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Transplanted Tumors1

Nathan Kaliss

Comprehensive treatments of the research uses of transplanted tumors and reviews of the literature will be found in Hauschka ( 1952), Kaliss ( 1961, 1965), Klein ( 1959), Snell ( 1958), and Woglom ( 1929). Bibliographic compendia appear from time to time ( Handler, 1954 et seq.; 1963 et seq.), and occasional review articles in various areas of experimental cancer research appear in serials (Advances in Cancer Research, 1953 et seq.; Homburger, 1960 et seq.) and in the numerous journals dealing with cancer research and tissue grafting. The genetic relationships governing the fate of transplants apply with equal force to grafts of normal and cancer tissues and are detailed in Chapter 24.

Cancer research, from the beginnings of defined experimental approaches in the 19th century, was naturally concerned primarily with the initiating factors in cancerogenesis. With Pasteur's demonstration of the infectious etiology of disease, the search for similar causative agents for cancer was taken up with particular vigor at the turn of the century. Numerous attempts were made to transmit cancers within and between species by inoculating live tumors or tumor extracts. Some positive results were recorded, particularly in rodents, but the conditions for success were undefinable and the results unpredictable. What did become clear was that live cancer cells were required in the inoculum and that the resultant cancer was truly a graft and not a new growth generated by an infectious "cancer agent." Historical reviews of this exciting and vital period in cancer research will be found in Oberling ( 1952), Triolo ( 1964), and Woglom ( 1913, 1929).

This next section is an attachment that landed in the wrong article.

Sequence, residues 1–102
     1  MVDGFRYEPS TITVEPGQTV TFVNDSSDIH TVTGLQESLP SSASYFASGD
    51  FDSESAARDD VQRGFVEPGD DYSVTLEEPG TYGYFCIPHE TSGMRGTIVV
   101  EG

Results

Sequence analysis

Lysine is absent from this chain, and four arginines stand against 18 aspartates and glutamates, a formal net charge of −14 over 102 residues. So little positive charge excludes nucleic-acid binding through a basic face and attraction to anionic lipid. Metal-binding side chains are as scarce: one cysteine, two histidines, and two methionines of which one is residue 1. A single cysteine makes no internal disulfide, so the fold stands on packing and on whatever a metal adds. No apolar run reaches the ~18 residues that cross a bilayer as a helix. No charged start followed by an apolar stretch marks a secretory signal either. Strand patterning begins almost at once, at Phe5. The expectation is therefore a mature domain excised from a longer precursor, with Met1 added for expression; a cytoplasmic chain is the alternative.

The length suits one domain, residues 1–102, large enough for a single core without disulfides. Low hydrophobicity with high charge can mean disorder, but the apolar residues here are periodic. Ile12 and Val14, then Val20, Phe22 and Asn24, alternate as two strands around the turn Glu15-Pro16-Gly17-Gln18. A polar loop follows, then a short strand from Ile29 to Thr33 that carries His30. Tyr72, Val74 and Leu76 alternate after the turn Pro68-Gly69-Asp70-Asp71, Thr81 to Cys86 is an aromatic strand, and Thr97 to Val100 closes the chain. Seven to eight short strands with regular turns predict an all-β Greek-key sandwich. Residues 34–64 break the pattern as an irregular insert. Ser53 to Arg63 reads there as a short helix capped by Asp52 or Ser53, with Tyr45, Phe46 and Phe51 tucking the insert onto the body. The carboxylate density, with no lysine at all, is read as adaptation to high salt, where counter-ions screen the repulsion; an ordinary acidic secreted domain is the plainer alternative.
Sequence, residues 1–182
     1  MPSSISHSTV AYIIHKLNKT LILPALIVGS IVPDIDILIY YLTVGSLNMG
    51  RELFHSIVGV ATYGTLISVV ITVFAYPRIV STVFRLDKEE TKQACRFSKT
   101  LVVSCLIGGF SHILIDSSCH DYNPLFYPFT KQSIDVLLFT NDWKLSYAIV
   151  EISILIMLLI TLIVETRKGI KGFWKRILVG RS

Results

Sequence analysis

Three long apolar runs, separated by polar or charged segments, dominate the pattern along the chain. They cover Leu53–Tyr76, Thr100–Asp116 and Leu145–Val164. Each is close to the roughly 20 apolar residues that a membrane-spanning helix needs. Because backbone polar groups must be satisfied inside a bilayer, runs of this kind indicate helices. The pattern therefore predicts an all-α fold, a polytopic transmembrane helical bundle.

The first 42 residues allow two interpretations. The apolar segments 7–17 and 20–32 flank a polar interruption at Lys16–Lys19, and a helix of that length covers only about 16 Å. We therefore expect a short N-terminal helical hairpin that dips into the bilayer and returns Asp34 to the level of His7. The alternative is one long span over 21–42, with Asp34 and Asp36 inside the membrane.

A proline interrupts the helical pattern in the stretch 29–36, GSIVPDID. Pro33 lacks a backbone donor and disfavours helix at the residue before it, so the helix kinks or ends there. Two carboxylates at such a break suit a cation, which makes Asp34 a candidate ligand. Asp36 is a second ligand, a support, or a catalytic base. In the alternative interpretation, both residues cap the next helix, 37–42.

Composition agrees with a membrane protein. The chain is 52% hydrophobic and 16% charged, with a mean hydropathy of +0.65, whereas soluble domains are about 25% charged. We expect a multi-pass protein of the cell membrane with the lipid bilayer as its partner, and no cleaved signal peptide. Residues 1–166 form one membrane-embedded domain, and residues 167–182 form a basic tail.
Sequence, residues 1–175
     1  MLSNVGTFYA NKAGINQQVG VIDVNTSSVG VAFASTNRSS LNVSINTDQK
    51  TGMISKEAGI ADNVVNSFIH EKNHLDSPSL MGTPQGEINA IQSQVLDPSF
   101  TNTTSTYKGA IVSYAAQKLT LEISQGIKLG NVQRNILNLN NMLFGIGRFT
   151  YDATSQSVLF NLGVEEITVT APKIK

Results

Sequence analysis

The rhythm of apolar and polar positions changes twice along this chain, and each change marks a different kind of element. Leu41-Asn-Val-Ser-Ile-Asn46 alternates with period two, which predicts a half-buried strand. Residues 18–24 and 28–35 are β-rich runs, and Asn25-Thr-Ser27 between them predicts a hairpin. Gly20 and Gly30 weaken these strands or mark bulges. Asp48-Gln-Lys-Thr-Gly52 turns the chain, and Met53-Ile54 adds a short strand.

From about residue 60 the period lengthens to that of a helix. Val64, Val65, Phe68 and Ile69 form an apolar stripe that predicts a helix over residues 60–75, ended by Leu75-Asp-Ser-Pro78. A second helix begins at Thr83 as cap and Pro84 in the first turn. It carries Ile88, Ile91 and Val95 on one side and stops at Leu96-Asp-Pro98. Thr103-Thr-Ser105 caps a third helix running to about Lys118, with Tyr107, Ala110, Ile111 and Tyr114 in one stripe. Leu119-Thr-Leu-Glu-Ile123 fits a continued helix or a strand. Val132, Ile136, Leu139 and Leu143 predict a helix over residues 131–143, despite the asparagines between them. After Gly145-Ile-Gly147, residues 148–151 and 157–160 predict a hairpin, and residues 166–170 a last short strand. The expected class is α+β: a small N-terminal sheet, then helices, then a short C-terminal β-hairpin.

Probably the first breakthrough to an understanding of the causes for the vagaries attending cancer grafting came with Jensen's demonstration that a mouse cancer could be consistently grafted to other mice but that the strain of mice used as host was a deciding factor in success ( Triolo, 1964). Final clarification came first with Tyzzer's demonstration in the mouse that there was a genetic basis for the acceptance or rejection of cancer grafts, and Little's experimental verification of his hypothesis that Mendelian inheritance underlay graft-host compatibility ( Little, 1921). Little advocated the use of inbred mice to provide genetically uniform research animals (Heston, 1949, 1959; Little, 1921, 1947), and inbred mice have since been the chief contributors to the development of experimental cancer research. Most of the important strains still in widespread use derive from those first developed by C.C. Little and L.C. Strong ( Green, 1964; Heston, 1949, 1959; Staats, 1964). They have furnished a wide variety of cancers, indispensable to investigations in cancer biology and to an understanding of transplantation genetics and immunology.

It was suspected very early that the rejection of tumor grafts was accompanied by an immunological reaction ( Triolo, 1964; Woglom, 1913, 1929) and this gave impetus to the hope for realizing an immunotherapy for cancer. In attempts to equate the reactions to grafts with responses to infectious disease, extensive searches were made for specific antibodies in animals with regressing grafts, but without success, More rewarding were studies on the histopathology of the graft site, particularly those of Murphy ( 1926) and his colleagues, who demonstrated involvement of the lymphoid tissues and the lymphocyte in particular in the rejection of grafts. They noted the cellular responses as operative in grafts of both normal tissues and cancers and in infections such as tuberculosis. Though Murphy did not recognize the lymphocytic reaction as immunologically specific and allied to the evocation of antibodies, he foreshadowed the concept that these responses are dual manifestations of immune activity.